Other risk factors of larynx cancer include immune deficient states (such as post solid-organ transplant); occupational exposures to agents such as asbestos and perchloroethylene; radiation; dietary factors; a genetic predisposition to the development of the disease; and poor oral hygiene.

Progression of Cancer of the larynx (Laryngeal cancer, Squamous Cell Carcinoma of the Larynx)

This type of larynx tumour spreads by local extension, through the destruction of adjacent tissue, and by lymphatic invasion with spread to the cervical lymph nodes. Later haematogenous spread to the lungs, liver, adrenals and kidney may occur but these are rare at the time of diagnosis.

How is Cancer of the larynx (Laryngeal cancer, Squamous Cell Carcinoma of the Larynx) Diagnosed?

General investigations into cancer of the larynx may show anaemia or abnormal liver function tests if the disease is very advanced, or due to the aetiology of the disease. In the early stages of laryngeal cancer general investigations tend to be normal.

Prognosis of Cancer of the larynx (Laryngeal cancer, Squamous Cell Carcinoma of the Larynx)

Laryngeal cancer is a curable disease – especially as the early development of symptoms (primarily hoarseness) means that it is often diagnosed at an earlier stage than other tumours of the head and neck. Early laryngeal cancer has a very good (greater than 95%) 5 year survival. Involvement of lymph nodes in the region is associated with a poorer prognosis. Furthermore, aetiological factors associated with laryngeal cancer (primarily smoking and alcohol) render survival worse for patients even with cured laryngeal cancer. The “field cancerisation” concept means that they are at an increased risk of developing second primary tumours in the head and neck region as well as being at significant risk from cardiovascular and liver disease associated with their lifestyle.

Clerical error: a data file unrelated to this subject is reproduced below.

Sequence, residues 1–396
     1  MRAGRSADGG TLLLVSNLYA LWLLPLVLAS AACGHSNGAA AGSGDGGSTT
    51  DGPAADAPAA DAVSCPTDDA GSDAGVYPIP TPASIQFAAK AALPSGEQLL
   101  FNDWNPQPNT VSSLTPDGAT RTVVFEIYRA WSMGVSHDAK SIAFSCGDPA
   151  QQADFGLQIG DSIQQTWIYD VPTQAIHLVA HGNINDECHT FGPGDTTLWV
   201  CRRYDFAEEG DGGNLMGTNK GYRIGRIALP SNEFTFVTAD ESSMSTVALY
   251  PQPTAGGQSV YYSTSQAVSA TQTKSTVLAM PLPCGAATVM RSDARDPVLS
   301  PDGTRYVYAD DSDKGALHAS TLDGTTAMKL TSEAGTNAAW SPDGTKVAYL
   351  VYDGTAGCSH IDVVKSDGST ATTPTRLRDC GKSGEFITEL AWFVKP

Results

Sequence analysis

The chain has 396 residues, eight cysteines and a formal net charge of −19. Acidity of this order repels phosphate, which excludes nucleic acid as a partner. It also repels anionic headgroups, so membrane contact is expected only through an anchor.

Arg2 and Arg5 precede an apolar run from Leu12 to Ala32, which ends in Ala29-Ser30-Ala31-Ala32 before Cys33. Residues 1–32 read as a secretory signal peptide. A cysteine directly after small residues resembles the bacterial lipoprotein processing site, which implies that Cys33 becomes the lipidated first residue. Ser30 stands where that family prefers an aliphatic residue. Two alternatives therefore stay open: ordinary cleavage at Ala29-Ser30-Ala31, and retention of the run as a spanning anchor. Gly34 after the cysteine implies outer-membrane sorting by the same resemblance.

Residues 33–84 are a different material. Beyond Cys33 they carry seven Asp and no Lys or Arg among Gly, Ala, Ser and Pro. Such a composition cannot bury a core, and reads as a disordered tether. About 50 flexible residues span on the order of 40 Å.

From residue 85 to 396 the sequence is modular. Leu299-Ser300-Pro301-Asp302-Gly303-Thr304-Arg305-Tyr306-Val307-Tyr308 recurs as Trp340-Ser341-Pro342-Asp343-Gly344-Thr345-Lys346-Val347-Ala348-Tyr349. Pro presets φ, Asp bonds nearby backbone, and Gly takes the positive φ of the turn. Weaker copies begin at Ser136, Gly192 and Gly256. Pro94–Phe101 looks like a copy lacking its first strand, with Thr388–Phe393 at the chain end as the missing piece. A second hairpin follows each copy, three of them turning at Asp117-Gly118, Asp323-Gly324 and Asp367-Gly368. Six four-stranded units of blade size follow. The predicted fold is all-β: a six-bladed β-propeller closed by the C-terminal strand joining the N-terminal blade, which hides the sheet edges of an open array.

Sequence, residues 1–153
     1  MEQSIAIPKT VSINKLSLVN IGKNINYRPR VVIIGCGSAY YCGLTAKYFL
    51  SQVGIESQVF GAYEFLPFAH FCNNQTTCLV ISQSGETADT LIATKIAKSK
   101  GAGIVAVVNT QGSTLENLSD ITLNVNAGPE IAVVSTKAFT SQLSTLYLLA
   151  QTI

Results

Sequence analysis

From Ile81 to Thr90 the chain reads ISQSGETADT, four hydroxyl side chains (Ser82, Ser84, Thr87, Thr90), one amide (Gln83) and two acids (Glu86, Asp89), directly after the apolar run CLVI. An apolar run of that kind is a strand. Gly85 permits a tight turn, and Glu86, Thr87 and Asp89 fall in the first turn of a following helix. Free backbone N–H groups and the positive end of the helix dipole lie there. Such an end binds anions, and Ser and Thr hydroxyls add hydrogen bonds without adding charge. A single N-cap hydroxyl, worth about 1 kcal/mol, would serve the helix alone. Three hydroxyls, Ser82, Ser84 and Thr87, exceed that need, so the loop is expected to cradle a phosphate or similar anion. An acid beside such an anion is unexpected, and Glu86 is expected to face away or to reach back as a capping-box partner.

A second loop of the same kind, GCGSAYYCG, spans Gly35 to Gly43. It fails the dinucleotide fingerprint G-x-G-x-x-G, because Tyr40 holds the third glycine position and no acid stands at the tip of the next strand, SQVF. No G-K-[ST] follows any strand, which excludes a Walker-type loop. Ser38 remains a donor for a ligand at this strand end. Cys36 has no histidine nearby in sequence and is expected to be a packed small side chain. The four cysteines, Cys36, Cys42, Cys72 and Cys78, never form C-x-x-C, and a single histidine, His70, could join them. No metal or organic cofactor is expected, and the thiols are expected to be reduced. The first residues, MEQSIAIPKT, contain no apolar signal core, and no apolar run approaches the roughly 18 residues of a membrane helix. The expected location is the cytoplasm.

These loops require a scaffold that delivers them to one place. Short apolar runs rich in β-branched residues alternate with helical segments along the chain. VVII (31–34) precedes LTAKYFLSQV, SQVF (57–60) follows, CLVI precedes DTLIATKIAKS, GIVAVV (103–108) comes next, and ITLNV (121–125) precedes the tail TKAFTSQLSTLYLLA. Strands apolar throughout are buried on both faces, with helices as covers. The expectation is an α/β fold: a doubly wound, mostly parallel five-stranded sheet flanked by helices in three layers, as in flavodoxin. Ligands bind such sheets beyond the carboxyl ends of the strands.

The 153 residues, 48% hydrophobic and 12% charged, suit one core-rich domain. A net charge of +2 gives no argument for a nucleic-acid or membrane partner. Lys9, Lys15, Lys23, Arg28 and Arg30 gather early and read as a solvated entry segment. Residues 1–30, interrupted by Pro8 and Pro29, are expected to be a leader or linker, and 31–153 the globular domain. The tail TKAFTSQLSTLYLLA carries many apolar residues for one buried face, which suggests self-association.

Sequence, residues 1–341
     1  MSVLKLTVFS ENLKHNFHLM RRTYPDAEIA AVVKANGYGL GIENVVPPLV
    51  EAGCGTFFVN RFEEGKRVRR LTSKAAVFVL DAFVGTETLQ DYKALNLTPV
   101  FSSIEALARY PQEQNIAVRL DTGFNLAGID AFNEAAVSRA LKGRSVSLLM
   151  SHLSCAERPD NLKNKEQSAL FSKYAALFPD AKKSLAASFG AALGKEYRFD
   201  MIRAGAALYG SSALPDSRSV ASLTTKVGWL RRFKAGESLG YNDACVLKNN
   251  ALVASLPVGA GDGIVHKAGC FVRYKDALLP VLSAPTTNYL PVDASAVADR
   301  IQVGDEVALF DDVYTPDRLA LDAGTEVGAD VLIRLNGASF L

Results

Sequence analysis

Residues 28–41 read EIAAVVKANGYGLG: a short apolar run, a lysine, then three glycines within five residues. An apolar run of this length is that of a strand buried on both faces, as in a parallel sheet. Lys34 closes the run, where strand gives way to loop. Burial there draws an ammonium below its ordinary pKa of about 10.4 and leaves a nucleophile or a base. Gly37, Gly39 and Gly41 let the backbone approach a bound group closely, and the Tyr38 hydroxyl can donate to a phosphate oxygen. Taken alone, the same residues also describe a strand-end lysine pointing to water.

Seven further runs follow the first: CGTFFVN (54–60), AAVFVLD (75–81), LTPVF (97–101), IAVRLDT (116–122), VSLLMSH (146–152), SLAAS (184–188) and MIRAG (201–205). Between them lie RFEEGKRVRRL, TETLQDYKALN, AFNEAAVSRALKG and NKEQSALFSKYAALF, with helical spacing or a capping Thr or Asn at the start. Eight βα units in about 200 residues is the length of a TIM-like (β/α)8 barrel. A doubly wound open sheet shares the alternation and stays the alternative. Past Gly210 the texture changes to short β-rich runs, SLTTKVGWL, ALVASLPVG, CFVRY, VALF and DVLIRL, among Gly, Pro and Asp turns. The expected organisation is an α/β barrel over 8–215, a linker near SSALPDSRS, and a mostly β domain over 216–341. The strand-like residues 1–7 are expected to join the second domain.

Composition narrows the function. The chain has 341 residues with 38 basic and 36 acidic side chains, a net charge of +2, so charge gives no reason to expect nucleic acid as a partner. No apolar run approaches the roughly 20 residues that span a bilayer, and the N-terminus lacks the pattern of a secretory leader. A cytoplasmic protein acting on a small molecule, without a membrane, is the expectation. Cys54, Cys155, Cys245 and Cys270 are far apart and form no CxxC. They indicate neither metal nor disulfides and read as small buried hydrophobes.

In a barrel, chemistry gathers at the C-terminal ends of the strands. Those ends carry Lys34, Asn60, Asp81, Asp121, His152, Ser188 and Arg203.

How is Cancer of the larynx (Laryngeal cancer, Squamous Cell Carcinoma of the Larynx) Treated?

Ideal treatment of laryngeal cancer remains controversial but revolves around radiotherapy and surgical excision. The aims of larynx cancer treatment are to provide the maximal cure rate whilst minimising the morbidity associated with treatment. Depending on different tumour sites and sizes, different treatment approaches are used. Localised disease (T1-T2) lesions are treated with curative intent by surgery or radiation. Patients treated with radiotherapy alone have a reasonable chance of preserving the vocal cords and hence the patients voice. In tumours that are surgically excised patients are often fitted with synthetic voice machines and are still able to communicate by this means.

Patients treated with local or regionally advance larynx cancer are treated most succesfuly with a comined modality therapy of surgery, radiation therapy and chemotherapy. Concomitant chemotherapy (with 5-Fluorouracil and cisplatin) and radiation therapy appears to be the most effective sequencing of treatment.

Patients with recurrent and/or metastic disease are, with few intentions treated with palliative intent. Chemotherapy can be used for transient symptomatic benefit. Larynx cancer drugs with single agent activity in this setting include methotrexate, 5FU, cisplatin, paclitaxel, docetaxel. Combinations of cisplatin and 5-FU, carboplatin and 5FU, and cisplatin and paclitaxel are also used.

Improvement in larynx cancer symptoms is an important measurement. Specific monitoring may be by thorough serial inspection of the head and neck region – looking for disease recurrence as well as second primary tumours. Ideally this would include pan-/triple-endoscopy. There are no specific screening recommendations at the moment but several clinical trials are currently being undertaken into the benefit of different screening techniques.

The larynx cancer symptoms that may require attention are somatic pain from bone metastases, visceral pain from liver or lung metastases and neurogenic pain if nerve tissue is compressed. Coughing and breathlessness from lung involvement may require specific treatment. Infection can also be a serious problem in patients with laryngeal cancer (particularly pneumonia in patients with lung metastases).